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Old 07-20-2009, 07:25 PM   #1
stageseven
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I'm sure this has been asked before, but multiple searches gave so many unrelated results that I gave up looking through them all. I know the 1-2-3 week schedule is generally accepted as sufficient for most beers, but I was wondering more what specific advantages there are to leaving beer in the secondary longer. I've seen a couple threads where people say the more patient the better off you are, and that beer can sit in a secondary for a couple of months and be fine, but I was wondering more what's the best length of time depending on style. Obviously beers like hefes that don't need to sit in a secondary at all don't benefit at all, but is there more of a benefit to leaving say a strong ale in secondary for longer than 2 weeks? Does the ABV of the beer affect the ideal time in a secondary?

The majority of the reason I'm asking is that I have a dubbel in secondary right now, and it's been there for 14 days, so I could just go ahead and bottle but I also could stand to leave it longer. Of course, if it doesn't make a difference I'd just go ahead and bottle so it can start carbing up. Thanks!

 
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Old 07-20-2009, 07:28 PM   #2
Parker36
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So I generally like to let my beer sit in secondary for longer (especially for bigger beers and Belgians). This allows them to clear more and for the yeast to "cleanup" some. Add that to the fact that for most big beers, they have to age for a while anyway, I just let it age in secondary until I need the space.

 
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Old 07-20-2009, 07:28 PM   #3
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It'll be clearer and maybe a little cleaner.
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Old 07-20-2009, 07:48 PM   #4
SumnerH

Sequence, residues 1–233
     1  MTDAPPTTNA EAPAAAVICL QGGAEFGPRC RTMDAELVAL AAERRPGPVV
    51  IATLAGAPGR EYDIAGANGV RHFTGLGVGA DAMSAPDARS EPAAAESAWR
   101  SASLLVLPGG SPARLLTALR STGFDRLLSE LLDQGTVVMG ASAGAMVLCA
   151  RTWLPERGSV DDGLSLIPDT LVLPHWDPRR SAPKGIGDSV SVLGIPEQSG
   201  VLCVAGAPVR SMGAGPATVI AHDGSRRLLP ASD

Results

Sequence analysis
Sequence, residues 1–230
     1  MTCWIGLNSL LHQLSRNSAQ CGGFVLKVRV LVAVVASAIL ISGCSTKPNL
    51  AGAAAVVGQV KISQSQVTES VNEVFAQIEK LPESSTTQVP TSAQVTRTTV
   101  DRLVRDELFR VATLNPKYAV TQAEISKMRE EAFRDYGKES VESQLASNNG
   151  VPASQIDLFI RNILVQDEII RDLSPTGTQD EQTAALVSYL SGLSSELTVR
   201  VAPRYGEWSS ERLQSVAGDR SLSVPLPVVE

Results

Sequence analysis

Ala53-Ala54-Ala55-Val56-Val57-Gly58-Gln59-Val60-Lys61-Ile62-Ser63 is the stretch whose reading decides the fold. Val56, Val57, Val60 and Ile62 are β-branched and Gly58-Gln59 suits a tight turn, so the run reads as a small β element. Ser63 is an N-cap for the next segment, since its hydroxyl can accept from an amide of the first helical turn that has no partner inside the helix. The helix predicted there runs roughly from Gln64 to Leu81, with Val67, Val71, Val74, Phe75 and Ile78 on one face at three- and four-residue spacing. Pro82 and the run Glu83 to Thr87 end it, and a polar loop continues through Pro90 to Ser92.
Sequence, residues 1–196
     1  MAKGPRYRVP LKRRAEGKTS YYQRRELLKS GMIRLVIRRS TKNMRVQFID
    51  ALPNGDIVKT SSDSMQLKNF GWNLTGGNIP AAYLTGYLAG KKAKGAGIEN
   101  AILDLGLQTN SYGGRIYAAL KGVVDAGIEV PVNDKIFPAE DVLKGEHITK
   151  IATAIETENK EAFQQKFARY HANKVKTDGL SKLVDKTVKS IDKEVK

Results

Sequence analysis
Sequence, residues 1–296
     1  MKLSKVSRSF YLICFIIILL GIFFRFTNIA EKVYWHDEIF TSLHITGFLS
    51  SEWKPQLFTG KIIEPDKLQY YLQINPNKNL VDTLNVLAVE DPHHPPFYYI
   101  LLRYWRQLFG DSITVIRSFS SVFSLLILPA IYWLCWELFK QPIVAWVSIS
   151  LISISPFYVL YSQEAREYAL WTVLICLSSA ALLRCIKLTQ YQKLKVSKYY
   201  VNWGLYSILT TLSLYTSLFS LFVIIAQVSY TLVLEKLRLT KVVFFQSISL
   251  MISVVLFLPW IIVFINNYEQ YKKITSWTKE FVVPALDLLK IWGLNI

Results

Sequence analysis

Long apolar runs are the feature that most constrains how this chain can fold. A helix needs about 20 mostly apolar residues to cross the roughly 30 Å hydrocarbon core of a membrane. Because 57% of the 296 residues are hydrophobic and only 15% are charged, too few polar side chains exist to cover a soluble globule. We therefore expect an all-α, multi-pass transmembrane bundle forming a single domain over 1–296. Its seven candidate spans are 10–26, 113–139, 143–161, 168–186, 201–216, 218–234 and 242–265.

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It really varies based on the beer, but for most common beers I don't secondary at all. I'd rather do 2 weeks in primary and 3 in the bottle/keg than 1-2-3 for most beers; ideally I usually do 3 weeks primary and 3 in bottle/keg.

With tough-to-clear lagers and really big beers I'll secondary (and crash-cool if I need to), as I will with things I'm dry-hopping or adding fruit/oak/etc to.

I have one hefeweizen that I've bottled after just a 1-week primary and was drinking 2 weeks later.

I did Northern Brewer's #8 Belgian strong dark ale, and it had 2 weeks in primary, 4 weeks in secondary, and then took 5 weeks in bottles to carb and another month to reach the "drinkable" stage. It's still aging in the basement 6 months later.
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Old 07-20-2009, 07:51 PM   #5
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The ideal time is from 2 weeks to 18 months.
Bulk aging makes for a clear, fine tasting beer. Longer is almost always better than shorter with a few exceptions. Three to four weeks is a good general amount of time.
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Old 07-20-2009, 07:56 PM   #6
beerkrump
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I use a primary fermenter for a month (4-5 weeks) and that's it. If I'm going to dry hop or store a big beer for an extended time (2-3 months) I'll use a secondary. It seems counter intuitive to to remove the beer from the yeast and then expect to get all the full benefit of yeast's cleaning capabilities.

 
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Old 07-20-2009, 08:00 PM   #7
Boerderij_Kabouter
 
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I wrote this blog dealing with secondary fermentations. I think bulk aging has many benefits and often leave my beers in the secondary for at least a month.

http://blogs.homebrewtalk.com/Boerde...akes_me_crazy/

 
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Old 07-21-2009, 12:30 PM   #8
stageseven
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Thanks for the replies. Your blog article was very informative Boerderij_Kabouter. I'll have to keep in mind next time to transfer to the carboy sooner to get more of the benefit of leaving it in the secondary. I'll leave the beer in the secondary for a few more weeks until I need the room for something else then.

 
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